… Which is a bit of a bait and switch. I bill the book as being a hack and slash bloody and gory adventure, and it is. But if that’s all a reader notices, they’re missing half of what I’ve done.
Noah K. Mullette-Gillman - 10 November 2012
The Back Flap
Two hundred years after humanity was forced to abandon Earth to the zombie hordes, three humans descend in great armored battle-suits into a world populated only by the ravenous and rotting undead. They will gun down as many hundreds and thousands of the monsters as necessary in their fight to retrieve the most important possession we left behind.
Too bad one of them is an idiot.
The Dead Have Ruled Earth for 200 Years is not a love story. It is not a work of spiritual mythology. It is bleeding and biting, cutting and explosions; a written rocket of death and disfigurement, with all humanity’s future at stake. Get ready for a white-knuckled descent into the worst of all possible nightmares. Two centuries after the end of the world, it may be the last story of humanity’s battle to survive.
About the book
What is the book about?
There’s two ways to answer this question. First of all, two hundred years after humanity had to abandon the planet Earth to the hordes of undead, three humans return from outer-space to get something important we left behind.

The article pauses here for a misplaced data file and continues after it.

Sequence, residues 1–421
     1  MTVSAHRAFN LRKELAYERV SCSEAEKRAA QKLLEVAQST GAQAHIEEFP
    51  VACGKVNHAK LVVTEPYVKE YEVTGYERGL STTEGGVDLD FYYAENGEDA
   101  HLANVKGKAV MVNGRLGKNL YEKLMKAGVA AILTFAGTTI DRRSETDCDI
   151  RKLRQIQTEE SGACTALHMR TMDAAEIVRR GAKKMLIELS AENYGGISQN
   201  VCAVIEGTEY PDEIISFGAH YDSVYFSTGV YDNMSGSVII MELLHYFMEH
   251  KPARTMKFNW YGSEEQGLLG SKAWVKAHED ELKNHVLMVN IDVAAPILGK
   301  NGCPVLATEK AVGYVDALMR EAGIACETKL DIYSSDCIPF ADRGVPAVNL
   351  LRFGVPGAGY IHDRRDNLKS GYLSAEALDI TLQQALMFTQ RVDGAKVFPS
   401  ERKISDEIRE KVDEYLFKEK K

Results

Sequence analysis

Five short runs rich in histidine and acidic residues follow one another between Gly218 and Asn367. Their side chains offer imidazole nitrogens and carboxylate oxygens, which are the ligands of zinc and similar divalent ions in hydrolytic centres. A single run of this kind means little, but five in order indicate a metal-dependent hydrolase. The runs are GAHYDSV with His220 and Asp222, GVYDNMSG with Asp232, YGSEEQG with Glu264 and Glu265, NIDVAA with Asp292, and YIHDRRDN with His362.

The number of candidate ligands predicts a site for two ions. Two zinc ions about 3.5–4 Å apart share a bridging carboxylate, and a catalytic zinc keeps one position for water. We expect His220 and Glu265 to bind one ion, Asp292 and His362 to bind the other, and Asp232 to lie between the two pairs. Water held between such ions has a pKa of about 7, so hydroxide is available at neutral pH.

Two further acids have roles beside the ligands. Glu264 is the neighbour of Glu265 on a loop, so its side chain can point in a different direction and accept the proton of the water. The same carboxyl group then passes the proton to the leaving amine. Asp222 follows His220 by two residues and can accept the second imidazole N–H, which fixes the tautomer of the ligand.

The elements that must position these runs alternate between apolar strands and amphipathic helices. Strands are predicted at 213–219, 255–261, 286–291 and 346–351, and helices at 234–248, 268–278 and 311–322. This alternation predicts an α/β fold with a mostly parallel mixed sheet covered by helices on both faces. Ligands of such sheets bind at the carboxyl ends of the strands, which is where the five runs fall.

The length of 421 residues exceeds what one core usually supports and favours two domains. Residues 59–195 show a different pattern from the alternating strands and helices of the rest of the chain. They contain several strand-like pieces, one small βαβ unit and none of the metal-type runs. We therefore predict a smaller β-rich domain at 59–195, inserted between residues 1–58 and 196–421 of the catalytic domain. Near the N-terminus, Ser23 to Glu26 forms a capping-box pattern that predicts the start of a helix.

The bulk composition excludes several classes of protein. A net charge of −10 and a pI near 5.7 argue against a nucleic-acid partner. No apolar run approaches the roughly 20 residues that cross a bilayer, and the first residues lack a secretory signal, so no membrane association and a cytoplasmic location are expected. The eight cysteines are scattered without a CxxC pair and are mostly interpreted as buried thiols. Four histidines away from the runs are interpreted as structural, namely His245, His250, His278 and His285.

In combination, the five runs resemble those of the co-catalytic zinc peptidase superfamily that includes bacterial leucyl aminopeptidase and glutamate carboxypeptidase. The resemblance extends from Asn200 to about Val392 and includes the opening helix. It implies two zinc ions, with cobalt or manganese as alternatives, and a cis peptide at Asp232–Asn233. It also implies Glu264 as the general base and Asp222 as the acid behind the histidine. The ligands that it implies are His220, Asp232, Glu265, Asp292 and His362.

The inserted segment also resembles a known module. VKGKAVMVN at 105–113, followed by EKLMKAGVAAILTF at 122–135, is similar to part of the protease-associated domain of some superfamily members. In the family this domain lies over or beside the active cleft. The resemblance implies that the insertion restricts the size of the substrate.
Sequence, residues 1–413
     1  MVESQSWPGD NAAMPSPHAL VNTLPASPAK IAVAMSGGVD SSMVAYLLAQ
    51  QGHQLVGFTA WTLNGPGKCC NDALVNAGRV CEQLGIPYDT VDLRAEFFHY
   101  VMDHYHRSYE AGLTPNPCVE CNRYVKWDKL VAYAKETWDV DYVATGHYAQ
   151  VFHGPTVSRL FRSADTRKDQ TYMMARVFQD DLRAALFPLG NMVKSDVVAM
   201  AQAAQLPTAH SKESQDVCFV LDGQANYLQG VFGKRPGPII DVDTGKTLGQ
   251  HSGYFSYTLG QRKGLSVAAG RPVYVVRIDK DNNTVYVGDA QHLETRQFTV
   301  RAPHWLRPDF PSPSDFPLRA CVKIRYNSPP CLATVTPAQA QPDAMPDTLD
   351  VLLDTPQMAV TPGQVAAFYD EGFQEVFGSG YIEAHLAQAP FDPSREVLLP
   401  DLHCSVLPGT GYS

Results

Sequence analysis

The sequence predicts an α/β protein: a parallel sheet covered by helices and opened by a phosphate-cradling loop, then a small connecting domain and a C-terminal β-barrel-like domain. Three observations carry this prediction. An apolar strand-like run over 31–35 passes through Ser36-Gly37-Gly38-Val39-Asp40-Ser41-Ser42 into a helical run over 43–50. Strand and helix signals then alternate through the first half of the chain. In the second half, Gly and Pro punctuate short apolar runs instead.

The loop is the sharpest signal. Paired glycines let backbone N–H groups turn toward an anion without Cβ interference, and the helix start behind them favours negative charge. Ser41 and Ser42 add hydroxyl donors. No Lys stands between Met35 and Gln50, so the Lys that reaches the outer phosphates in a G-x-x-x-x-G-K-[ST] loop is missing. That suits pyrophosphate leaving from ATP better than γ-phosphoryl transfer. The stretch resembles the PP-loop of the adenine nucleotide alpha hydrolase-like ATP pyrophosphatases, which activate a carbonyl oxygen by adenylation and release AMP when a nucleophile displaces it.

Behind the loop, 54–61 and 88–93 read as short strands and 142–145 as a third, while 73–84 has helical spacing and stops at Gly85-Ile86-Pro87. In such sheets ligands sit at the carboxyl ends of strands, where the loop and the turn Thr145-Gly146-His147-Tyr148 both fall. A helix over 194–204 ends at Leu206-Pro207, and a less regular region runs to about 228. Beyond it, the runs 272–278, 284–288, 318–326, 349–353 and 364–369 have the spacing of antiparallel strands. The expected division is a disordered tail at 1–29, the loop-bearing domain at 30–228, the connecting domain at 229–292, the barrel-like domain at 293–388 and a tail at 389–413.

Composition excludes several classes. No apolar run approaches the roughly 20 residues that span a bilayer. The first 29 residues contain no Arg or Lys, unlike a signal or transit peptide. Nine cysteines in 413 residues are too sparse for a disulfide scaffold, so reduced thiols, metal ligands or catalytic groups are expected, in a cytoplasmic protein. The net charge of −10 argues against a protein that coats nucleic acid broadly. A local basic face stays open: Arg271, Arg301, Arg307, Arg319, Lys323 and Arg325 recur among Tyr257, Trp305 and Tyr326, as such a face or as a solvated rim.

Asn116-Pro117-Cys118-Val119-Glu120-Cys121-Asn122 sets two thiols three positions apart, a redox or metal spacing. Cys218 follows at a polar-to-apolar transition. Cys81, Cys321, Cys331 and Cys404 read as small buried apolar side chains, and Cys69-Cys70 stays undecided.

But as I hope anyone who has read my work before will understand, everything I do is very symbolic, and this journey from outer-space and into the world of flesh and people is the journey from the mind into reality, from thought into sex, from ideals into real-life. It’s about facing your fears and accepting the need to become what you fear most.
Unfortunately, like many of my books, I don’t expect all the symbolism will be understood on the first reading. I really do write books intending them to be read more than once. My work is wasted on speed-readers and those who accept things at face value. Those who like to think about deeper meanings and symbolism will most deeply enjoy this book.
Which is a bit of a bait and switch. I bill the book as being a hack and slash bloody and gory adventure, and it is. But if that’s all a reader notices, they’re missing half of what I’ve done.
When did you start writing the book?
About a year ago. I’m not a fast writer. I wish I were. I fill pages and pages of ideas, thinking all the details of my books through before I write more than a couple of pages. I then sat on this book for a number of months once it was done. I really wanted to make sure the editing was as perfect as it possibly could be.